How a queer liberation collective has stayed radical for almost 40 years

by Toshio Meronek
July 23, 2016

On May 22, some 80 people filed into a press event for the largest gay culture event in the world, the Frameline Film Festival, held every June in San Francisco. And like every year since 2007, there were queer protesters to meet them.

The group Lesbians and Gays Against Intervention, or LAGAI, and its offshoot Queers Undermining Israeli Terrorism, or QUIT!, have protested the festival for the past decade, consistent with anti-oppression politics that began when the United States started meddling in Latin America in the late 1970s.


The Rise And Fall Of The Green Mountain Anarchist Collective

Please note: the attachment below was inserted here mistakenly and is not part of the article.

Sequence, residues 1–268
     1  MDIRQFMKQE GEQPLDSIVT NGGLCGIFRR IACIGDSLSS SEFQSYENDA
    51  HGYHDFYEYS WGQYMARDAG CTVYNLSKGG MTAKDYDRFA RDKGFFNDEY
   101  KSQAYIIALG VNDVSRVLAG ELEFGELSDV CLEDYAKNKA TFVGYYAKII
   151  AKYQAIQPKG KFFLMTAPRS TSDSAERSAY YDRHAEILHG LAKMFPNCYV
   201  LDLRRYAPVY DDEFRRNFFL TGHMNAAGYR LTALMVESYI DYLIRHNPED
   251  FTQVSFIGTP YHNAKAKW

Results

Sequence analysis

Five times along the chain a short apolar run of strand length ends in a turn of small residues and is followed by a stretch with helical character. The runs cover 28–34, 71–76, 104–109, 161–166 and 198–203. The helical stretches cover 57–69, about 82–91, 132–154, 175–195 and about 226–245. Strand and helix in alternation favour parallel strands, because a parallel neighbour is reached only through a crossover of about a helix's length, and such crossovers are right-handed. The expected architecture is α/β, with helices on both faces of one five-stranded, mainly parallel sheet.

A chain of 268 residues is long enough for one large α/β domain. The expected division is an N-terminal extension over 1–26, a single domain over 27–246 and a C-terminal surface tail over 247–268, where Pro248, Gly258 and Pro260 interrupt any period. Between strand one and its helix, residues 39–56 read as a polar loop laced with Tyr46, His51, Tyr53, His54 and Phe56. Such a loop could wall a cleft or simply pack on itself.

Montpelier, Vermont - Established in 2000, in a cooperative household located at the termination of a wooded dirt road in Southern Vermont, the Green Mountain Anarchist Collective (GMAC), for a time, did its part in carrying forth Vermont’s long tradition of radical, leftist politics. Founded in Windham County by Natasha Voline, Johnny Midnight, Xavier Massot, and (myself) David Van Deusen, the collective was birthed with strong Situationist, leftist, and militant inclinations. The original GMAC nucleus lived together (along with comrades Imelda R, Bridget M, and Ted K), and operated as a kind of outlaw community, connected to the broader area counter culture based in and around Brattleboro. Together, they functioned on a cash & barter basis, opening phone and utility accounts under assumed names. They adorned the walls with stolen Salvador Dali works.

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